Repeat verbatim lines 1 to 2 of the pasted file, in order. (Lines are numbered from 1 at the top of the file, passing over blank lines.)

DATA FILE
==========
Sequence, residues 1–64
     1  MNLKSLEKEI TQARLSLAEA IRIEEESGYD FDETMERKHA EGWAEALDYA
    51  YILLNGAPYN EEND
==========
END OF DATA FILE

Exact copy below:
Sequence, residues 1–64
     1  MNLKSLEKEI TQARLSLAEA IRIEEESGYD FDETMERKHA EGWAEALDYA